If you remove needle electrolysis hair, you must choose a machine that can perform the procedure safely and effectively. Many machines are available on the market, but not all are reliable or suitable for your skin and hair type. Here are some factors to consider when choosing a needle electrolysis hair removal machine:
- Quality: You want a machine of high-quality materials and components with a good reputation, reviews, warranty, and customer service. You also want a machine with safety features such as automatic shut-off, adjustable intensity, and sterilizable probes.
- Type: You need to find a machine that performs the needle electrolysis hair removal you prefer, whether galvanic, thermolysis, or blend. Some machines can do all three types, while others can only do one or two.
- Size: You need to consider the size and weight of the machine, as well as its portability and power source. Some machines are small and compact, while others are bulky and heavy. Some machines are battery-operated, while others need to be plugged into an outlet.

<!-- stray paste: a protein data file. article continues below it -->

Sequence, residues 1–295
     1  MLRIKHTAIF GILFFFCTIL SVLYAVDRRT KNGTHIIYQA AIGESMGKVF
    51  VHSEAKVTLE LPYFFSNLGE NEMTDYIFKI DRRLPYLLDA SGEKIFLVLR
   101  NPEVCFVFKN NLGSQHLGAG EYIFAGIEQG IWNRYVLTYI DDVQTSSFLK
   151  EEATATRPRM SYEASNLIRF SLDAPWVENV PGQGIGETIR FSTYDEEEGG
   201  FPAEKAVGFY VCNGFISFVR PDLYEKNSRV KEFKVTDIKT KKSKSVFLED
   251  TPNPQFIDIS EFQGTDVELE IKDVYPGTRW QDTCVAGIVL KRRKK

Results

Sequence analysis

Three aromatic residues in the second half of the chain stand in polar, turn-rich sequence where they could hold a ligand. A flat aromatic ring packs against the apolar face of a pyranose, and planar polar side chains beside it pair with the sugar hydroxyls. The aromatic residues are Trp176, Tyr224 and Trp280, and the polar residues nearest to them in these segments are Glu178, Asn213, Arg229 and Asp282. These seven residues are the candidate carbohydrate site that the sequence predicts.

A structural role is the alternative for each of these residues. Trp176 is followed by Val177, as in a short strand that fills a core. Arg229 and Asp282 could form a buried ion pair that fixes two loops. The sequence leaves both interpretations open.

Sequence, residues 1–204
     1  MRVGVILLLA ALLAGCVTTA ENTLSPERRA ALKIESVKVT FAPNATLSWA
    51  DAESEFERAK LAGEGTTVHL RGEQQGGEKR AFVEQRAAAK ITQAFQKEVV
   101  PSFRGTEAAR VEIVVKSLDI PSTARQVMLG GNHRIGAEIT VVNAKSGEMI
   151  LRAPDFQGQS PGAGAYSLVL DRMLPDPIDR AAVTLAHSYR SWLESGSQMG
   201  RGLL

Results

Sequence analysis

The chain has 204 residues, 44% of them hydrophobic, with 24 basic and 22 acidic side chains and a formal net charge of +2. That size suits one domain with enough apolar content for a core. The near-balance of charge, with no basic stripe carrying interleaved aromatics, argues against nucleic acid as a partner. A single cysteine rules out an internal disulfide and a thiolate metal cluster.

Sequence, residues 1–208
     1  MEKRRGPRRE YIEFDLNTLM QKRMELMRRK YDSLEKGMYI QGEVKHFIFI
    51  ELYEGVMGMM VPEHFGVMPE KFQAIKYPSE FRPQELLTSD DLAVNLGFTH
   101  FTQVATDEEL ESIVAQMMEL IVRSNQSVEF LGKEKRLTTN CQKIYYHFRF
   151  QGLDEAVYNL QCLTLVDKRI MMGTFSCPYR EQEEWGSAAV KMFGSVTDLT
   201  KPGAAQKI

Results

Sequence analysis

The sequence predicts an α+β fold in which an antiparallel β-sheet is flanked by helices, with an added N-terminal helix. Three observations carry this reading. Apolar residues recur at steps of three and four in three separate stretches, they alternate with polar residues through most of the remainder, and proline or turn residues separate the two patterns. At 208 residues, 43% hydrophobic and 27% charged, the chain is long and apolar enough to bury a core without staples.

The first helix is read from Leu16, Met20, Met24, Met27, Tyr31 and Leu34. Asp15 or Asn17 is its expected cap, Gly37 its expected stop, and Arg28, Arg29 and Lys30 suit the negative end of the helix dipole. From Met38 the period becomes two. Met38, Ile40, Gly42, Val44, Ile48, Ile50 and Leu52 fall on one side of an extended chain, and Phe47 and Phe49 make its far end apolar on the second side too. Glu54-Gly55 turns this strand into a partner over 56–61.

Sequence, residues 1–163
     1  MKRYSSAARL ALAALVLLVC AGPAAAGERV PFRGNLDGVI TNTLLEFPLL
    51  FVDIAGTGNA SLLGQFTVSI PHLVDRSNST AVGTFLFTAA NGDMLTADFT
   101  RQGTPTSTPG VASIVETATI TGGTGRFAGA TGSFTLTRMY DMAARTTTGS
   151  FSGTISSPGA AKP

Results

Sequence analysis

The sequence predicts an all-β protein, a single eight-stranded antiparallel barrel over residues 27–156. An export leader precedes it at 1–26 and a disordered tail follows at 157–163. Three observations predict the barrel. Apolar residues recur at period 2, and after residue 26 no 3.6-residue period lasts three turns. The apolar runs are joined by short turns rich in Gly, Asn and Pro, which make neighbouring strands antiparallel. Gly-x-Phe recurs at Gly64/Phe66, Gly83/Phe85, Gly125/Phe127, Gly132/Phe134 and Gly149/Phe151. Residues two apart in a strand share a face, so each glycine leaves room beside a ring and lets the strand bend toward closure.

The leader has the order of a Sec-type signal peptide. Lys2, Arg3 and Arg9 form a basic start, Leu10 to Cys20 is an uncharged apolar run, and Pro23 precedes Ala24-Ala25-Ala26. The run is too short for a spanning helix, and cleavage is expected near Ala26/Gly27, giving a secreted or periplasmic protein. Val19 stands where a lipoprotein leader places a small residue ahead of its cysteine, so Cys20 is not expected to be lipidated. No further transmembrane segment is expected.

- Price: You need to compare different machines' prices and see which fits your budget. The price of electrolysis hair removal machines can range from $100 to $1000, depending on their quality, features, and brand.
Numbing Creams & Needle Electrolysis Hair Removal
One of the main drawbacks of needle electrolysis hair removal is that it can be painful. The pain level varies from person to person, depending on their skin sensitivity, pain threshold, and the area being treated. Some people describe it as a slight tingling or stinging sensation, while others find it unbearable.
You can use numbing creams or gels before the procedure to reduce needle electrolysis hair removal pain and discomfort. These are topical anesthetics that block the nerve signals that transmit pain sensations to the brain. They can make the procedure more tolerable and less stressful.
Numbing creams are not without risks or side effects. Some of them include:
- Allergic reactions: Some people may be allergic to some of the ingredients in numbing creams, such as lidocaine or benzocaine. This can cause itching, swelling, redness, or rash on the skin.